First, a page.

Connecticut doesn’t have a grand jury system. All of the cases involving police officers go to a state attorney’s office and a state attorney will review the case, review the statements, review the evidence, and then make a determination if they needed to bring forth any charges.

The prosecutor, attorney John Connelly, was a special prosecutor. He was appointed by John Bailey, he was the chief prosecutor of Connecticut at that time. He looked at the evidence and officer Smith’s statement, and he said, “There is no way as a prosecutor that I could turn a blind eye and say that this charge, the shooting, was justified,” and as a result, he decided to charge officer Smith with murder in the line of duty, which is a first time that’s ever happened in the state of Connecticut.

Nikki Van Noy: Wow.

Wayne Reid: Those 13 months were very interesting. I believe it was in February of 1999, there was a good amount of police rallies for the officer and they showed up at the Richville Courthouse, and we didn’t have a lot of supporters.

I remember when we stepped out on the courthouse steps and we saw a bunch of officers out there supporting officer Smith, they were calling attorney Connelly ‘Judas.’ Because they believed that he had betrayed police officers, he’s the Benedict of police officers, for bringing charges against officer Scott Smith.

Our reaction was, “Wow.” Our eyes looked completely large. Popping out of our heads on the steps. That’s how a lot of journalists and the reporters caught us, caught our eyes, and that’s what was played on the nightly news and in the newspapers the following day.

As a result of that, a lot of people started to come our way and said, “Wait a second, that’s a form of intimidation.” One of our staunchest supporters, Reverend Lewis, who was an activist as well, saw those pictures, and as a result of that, he came to my family’s side. He brought a lot of supporters, a lot of the NAACP in Connecticut and other organizations.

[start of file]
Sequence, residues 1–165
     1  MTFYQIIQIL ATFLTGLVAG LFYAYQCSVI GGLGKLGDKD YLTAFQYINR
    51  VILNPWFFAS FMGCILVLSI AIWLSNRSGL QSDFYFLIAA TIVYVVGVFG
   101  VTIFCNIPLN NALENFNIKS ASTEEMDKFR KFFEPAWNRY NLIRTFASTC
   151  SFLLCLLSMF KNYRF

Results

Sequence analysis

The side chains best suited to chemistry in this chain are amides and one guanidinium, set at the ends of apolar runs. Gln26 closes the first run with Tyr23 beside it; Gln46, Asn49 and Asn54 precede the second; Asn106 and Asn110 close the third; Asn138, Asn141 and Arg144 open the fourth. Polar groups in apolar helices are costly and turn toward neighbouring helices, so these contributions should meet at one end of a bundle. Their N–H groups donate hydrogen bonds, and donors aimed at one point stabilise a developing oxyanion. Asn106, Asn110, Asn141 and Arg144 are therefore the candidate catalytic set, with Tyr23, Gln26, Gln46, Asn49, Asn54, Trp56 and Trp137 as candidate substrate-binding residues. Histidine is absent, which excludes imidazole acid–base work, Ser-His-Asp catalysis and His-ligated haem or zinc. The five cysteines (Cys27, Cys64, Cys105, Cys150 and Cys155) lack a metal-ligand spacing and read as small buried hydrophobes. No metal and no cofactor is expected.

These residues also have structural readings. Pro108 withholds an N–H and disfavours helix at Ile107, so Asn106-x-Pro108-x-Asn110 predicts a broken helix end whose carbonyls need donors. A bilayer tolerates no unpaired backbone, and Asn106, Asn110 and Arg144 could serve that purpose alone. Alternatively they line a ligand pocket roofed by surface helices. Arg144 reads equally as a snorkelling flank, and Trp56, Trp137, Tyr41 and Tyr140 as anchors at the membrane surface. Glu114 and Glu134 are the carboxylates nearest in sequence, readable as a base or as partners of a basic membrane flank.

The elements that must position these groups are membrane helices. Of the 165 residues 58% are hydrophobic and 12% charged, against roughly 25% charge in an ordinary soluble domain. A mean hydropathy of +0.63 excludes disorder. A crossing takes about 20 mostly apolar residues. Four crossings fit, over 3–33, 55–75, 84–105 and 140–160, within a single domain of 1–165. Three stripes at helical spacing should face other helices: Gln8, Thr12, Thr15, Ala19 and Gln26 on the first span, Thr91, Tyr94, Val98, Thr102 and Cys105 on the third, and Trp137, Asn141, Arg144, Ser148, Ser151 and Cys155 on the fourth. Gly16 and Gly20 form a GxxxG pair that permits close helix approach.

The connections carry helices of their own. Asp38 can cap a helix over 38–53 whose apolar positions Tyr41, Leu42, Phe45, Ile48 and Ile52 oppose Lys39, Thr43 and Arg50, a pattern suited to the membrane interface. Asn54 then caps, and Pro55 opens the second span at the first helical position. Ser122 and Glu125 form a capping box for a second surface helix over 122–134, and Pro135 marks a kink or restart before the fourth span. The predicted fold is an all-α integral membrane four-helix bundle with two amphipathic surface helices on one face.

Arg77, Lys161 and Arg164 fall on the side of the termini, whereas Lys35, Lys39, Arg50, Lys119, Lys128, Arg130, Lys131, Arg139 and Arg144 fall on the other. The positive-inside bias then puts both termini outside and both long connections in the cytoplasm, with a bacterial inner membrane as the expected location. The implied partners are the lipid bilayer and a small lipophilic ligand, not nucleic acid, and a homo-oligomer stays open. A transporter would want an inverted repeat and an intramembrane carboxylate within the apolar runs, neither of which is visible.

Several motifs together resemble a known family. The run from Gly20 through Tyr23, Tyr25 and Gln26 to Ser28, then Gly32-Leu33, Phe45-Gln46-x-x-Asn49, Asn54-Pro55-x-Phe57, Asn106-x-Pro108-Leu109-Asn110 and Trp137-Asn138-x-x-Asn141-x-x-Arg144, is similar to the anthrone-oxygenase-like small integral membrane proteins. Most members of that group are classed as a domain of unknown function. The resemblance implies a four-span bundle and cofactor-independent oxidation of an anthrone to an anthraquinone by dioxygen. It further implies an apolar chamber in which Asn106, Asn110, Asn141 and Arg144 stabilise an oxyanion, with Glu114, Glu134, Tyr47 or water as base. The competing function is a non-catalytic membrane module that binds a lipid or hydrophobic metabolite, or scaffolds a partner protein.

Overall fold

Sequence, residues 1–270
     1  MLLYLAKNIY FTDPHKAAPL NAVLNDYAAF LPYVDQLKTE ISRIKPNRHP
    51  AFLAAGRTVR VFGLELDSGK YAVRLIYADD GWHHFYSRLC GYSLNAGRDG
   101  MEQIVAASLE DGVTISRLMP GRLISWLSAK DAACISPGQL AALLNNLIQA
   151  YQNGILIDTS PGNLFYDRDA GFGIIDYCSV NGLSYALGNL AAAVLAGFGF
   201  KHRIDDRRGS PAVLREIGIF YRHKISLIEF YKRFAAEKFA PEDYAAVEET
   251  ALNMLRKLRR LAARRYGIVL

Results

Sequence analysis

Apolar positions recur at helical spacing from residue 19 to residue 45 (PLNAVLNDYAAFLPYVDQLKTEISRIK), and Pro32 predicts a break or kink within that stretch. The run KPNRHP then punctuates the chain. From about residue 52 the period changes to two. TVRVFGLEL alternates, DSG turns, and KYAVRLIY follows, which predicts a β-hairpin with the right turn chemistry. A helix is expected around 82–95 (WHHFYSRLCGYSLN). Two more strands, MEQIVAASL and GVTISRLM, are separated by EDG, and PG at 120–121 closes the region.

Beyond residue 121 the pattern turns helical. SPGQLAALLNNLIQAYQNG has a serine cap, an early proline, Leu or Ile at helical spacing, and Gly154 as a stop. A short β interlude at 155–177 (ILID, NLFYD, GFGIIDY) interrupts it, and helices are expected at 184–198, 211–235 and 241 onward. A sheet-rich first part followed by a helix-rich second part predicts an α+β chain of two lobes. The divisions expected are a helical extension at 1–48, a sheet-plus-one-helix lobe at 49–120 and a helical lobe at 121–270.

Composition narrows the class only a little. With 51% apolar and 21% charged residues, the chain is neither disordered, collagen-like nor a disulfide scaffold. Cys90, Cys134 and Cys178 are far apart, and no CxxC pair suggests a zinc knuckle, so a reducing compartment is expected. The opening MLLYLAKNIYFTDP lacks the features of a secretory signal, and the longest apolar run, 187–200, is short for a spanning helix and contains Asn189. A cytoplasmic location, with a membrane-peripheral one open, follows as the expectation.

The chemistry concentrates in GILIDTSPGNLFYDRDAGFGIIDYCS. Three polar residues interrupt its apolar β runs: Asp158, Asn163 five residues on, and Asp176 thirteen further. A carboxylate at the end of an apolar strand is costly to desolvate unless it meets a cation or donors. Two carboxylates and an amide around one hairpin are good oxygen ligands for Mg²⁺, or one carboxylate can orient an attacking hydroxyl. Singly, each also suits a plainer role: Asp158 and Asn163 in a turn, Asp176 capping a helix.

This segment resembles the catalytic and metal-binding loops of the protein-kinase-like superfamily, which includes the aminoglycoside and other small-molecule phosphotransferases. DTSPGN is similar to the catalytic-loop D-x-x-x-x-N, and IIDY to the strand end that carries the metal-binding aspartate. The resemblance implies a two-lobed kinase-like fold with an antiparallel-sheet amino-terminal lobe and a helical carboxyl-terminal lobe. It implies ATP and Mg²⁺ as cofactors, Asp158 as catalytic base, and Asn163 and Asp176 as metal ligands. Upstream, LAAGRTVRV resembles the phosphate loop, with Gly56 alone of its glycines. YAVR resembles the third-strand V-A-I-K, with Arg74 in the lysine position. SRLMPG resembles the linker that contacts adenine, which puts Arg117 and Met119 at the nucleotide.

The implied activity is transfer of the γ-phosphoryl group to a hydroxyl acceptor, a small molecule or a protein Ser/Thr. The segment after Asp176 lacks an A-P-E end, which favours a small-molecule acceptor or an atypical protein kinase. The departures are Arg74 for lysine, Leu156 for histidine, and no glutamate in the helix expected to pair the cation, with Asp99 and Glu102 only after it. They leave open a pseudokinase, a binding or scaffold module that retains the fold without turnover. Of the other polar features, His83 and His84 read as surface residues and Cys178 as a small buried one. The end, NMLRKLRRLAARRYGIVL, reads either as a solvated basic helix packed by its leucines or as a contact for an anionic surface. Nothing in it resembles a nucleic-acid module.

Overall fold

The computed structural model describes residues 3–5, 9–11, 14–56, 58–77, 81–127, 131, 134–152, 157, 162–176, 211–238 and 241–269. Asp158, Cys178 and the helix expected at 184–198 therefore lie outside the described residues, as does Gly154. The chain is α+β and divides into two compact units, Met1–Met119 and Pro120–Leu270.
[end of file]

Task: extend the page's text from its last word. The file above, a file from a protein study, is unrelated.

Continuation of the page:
Nikki Van Noy: Judge Gill, in your opinion, Wayne mentioned that this was the first case involving a police officer, if I understand correctly, to go to trial. Do I have that right?

Judge Charles Gill: Yeah, at the charge of murder, yes.

Nikki Van Noy: Why was this the first one? Do you have any insight into that?

Judge Charles Gill: Probably the very special factual bases for the case. I might add that Wayne mentioned a special prosecutor, in this case, John Connelly. He’s known as the most pro-cop prosecutor in the state of Connecticut. As a matter of fact, you might be interested in this, when gave his final argument to the jury and went to sit down, he was crying. That’s how much he respected policemen, okay?

What made this case very special of course is because of the facts of the case. I think you get snippets of this in the media, from both TV and also from court reporters, but you know what? This was one of a kind case. I’ve been on thousands of them. The words and news of the reporters are actually just words, but this particular product here, I’m not calling it a book because it’s not a book.